Evaluation of treatment results in multifocal primary cutaneous anaplastic large cell lymphoma: report of the Dutch Cutaneous Lymphoma Group
SourceBritish Journal of Dermatology, 179, 3, (2018), pp. 724-731
Article / Letter to editor
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British Journal of Dermatology
SubjectRadboudumc 2: Cancer development and immune defence RIHS: Radboud Institute for Health Sciences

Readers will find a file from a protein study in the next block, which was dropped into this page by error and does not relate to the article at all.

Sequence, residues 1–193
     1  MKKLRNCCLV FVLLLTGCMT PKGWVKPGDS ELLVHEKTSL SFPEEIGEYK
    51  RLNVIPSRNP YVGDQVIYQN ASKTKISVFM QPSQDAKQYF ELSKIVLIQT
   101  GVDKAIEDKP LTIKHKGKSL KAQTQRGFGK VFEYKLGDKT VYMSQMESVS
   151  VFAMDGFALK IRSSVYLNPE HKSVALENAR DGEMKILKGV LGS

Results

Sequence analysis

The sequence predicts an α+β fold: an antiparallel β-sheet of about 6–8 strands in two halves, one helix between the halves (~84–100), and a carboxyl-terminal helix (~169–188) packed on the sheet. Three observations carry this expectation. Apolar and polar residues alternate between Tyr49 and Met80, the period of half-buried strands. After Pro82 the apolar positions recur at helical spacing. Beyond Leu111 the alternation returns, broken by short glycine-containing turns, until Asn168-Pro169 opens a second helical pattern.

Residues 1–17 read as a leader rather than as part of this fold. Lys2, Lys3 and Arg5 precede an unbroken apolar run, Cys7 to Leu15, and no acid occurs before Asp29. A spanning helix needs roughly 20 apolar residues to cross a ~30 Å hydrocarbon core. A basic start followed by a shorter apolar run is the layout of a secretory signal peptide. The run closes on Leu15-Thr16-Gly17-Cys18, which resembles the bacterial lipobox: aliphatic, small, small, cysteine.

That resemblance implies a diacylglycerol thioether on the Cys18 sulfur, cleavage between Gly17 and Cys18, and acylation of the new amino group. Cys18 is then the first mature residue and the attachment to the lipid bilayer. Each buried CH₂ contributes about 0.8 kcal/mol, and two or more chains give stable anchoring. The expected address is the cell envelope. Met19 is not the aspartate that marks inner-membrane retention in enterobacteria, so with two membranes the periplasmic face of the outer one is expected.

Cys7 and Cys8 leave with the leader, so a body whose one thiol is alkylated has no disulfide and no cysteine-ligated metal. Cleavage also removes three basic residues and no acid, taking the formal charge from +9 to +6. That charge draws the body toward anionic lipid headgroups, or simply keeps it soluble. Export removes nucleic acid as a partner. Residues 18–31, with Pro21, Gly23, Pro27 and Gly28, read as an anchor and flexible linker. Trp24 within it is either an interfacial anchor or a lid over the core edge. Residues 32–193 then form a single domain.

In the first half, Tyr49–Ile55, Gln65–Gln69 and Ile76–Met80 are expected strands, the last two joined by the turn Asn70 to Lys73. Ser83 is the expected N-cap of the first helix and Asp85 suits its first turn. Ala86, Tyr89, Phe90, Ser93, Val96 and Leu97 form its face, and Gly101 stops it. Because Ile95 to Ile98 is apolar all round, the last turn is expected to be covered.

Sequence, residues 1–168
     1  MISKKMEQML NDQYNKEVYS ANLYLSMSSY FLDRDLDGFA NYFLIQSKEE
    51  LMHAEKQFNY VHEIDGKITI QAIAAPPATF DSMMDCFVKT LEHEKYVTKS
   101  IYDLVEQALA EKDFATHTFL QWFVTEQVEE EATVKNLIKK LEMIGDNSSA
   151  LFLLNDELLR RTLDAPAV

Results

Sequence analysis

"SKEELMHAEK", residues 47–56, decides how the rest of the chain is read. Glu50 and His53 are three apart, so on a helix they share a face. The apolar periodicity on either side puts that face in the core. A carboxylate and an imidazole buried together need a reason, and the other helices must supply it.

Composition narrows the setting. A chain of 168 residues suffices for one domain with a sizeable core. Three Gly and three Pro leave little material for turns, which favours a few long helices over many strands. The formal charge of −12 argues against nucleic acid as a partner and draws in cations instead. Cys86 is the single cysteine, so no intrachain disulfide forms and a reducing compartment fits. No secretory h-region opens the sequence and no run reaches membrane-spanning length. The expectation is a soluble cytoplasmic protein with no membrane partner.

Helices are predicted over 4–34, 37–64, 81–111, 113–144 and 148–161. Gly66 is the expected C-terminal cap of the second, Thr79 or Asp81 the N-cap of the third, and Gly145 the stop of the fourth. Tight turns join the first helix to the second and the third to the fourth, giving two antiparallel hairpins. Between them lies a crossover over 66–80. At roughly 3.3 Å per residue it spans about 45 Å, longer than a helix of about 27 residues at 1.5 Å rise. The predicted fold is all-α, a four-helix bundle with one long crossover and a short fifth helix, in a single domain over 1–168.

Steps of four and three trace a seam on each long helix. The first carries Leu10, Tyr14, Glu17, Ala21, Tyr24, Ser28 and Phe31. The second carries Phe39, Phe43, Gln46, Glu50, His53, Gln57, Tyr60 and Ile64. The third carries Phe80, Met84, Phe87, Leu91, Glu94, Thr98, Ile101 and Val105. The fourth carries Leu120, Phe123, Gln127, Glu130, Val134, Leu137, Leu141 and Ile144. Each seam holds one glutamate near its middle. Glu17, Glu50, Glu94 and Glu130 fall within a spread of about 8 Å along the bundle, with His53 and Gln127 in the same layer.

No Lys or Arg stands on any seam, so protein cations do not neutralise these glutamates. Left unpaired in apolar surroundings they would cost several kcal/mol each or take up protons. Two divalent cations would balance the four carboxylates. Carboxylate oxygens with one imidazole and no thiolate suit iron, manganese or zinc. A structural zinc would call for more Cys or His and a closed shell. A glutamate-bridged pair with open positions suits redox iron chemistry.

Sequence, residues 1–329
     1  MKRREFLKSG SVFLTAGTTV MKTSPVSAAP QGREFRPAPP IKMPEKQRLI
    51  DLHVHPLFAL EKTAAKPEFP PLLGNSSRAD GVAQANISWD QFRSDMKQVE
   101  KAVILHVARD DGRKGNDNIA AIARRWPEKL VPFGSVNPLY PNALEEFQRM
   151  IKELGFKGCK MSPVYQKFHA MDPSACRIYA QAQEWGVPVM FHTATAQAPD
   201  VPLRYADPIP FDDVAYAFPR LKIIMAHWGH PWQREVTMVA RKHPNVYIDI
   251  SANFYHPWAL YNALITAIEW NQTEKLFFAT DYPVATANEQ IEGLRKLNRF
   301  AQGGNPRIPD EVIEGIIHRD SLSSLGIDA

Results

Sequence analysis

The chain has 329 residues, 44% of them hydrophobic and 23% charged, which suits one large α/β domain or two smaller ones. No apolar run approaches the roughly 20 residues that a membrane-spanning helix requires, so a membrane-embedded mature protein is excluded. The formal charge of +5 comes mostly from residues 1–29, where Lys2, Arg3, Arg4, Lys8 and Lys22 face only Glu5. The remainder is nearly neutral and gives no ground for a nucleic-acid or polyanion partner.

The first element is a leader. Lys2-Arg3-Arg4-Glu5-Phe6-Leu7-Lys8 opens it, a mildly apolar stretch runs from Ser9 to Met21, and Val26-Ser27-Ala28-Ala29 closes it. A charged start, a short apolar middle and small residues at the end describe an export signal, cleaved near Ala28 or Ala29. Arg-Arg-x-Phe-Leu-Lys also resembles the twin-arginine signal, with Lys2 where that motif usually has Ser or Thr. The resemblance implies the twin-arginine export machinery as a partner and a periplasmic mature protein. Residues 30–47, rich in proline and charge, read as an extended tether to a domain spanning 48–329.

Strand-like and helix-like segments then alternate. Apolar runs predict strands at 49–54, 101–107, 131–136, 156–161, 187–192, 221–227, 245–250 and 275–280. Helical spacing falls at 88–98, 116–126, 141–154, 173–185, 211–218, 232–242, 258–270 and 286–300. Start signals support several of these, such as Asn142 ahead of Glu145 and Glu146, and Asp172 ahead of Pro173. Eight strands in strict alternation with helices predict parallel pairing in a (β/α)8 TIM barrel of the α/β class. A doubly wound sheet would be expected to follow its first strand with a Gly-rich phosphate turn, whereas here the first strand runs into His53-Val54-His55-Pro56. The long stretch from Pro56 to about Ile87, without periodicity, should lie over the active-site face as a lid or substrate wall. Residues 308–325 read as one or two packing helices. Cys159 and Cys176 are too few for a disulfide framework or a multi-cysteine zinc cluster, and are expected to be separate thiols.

BACKGROUND: There is no consensus on the treatment of multifocal primary cutaneous anaplastic large cell lymphoma (C-ALCL). Radiotherapy (RT) and methotrexate (MTX) are the current treatment options, but their efficacy is unknown. Recently, targeted therapies showed promising results in C-ALCL, and may therefore be an attractive first choice of treatment. OBJECTIVES: To assess the efficacy of conventional treatment strategies for patients with multifocal C-ALCL, and to define which patients may require novel targeted therapies. METHODS: In this multicentre study, treatment was evaluated in patients initially presenting (n = 24) or relapsing with multifocal C-ALCL (n = 17; 23 relapses). Distinction was made between patients with five or less lesions (n = 36) and more than five lesions (n = 11). RESULTS: Treatments most commonly used were RT (n = 21), systemic chemotherapy (n = 9) and low-dose MTX (n = 7) with complete response rates of 100%, 78% and 43%, respectively, and an overall response rate of 100%, 100% and 57%, respectively. Four patients showed complete spontaneous regression. In total, 16 of 24 patients (67%) first presenting with multifocal C-ALCL relapsed, including all five patients initially treated with CHOP (cyclophosphamide, hydroxydaunorubicin, oncovin and prednisone). Compared with patients presenting with two to five skin lesions, patients presenting with more than five lesions had a higher chance of developing extracutaneous relapse (56% vs. 20%) and more often died of lymphoma (44% vs. 7%). CONCLUSIONS: Patients with five or less lesions should be treated with low-dose RT (2 x 4 Gy). Maintenance low-dose MTX (20 mg weekly) is a suitable option in patients with more than five lesions. Targeted therapies may be considered in rare patients who are refractory to MTX or patients developing extracutaneous disease.
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